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For OS X, backup solutions that perform just like Time Machine?

For OS X, backup solutions that perform just like Time Machine?

I am wondering what backup solutions for OS X exist, but not just any backup software. I am wondering which ones act and perform like time machine with incremental file change backups?

Asked by: Guest | Views: 80
Total answers/comments: 3
Guest [Entry]

"If you're looking for a way to back up OS X to say, another file server system than a ""time machine capsule"", you can backup time machine to a linux system running AFP via netatalk. The information on doing this is a bit spread out and disorganized in general, and since I'm not a blogger, I haven't put it together in a coherent way. Here's a general overview, and some sites that I used to set it up on an Ubuntu 9.04 server.

Rebuild the netatalk package to encrypt authentication. Leopard requires this, but its not enabled on Debian/Ubuntu by default.
Set up the volumes you want to share on the server and start the netatalk service.
Disable the strict checking for Time Machine volumes on OS X. I don't recall the specific command, but this is easy to find.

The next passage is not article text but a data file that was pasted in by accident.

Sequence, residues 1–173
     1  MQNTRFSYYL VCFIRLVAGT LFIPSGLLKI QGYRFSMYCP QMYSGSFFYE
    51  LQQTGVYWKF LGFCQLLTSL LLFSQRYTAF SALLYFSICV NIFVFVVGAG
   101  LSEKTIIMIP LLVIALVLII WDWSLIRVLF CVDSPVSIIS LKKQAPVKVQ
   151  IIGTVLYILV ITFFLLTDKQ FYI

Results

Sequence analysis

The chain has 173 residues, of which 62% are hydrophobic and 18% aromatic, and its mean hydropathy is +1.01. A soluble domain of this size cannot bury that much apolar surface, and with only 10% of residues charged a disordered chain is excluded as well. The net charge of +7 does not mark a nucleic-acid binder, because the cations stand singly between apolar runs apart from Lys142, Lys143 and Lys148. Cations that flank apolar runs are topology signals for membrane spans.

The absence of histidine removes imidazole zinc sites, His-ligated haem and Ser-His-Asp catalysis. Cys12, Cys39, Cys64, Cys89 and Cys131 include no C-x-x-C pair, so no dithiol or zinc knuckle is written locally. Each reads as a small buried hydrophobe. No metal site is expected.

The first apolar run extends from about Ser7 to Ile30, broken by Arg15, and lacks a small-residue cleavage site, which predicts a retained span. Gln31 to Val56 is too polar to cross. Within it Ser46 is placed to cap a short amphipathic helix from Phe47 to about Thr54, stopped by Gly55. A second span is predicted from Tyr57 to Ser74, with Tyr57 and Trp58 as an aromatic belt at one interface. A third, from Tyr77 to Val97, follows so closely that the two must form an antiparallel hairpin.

Create a sparsebundle file with the HD Util, and copy to the server.
Tell Time Machine to connect to the server.



Guest [Entry]

"A bit of a side note, but as the way to restore data might be as important as the way to backup:

Time Machine not only integrates well with the OS, but also with Time Machine-aware applications like Mail, Address Book and iPhoto. When entering Time Machine while one of these applications is active, you'll see the regular star field with that application (rather than the normal Finder).

This even makes it easy to restore messages from email accounts that you've deleted altogether, without the need to know how Mail uses the file system."
Guest [Entry]

BackupPC and rdiff-backup both store incremental backups. BackupPC comes with a web interface and uses hard links like Time Machine, but is not straightforward to install on OS X, compared to Linux where it's packaged for most distros. rdiff-backup stores deltas instead of entire files, but it's a bit more bare-bones, and you have to install the web interface separately. BackupPC is written in Perl, rdiff-backup is Python, neither has OS X integration.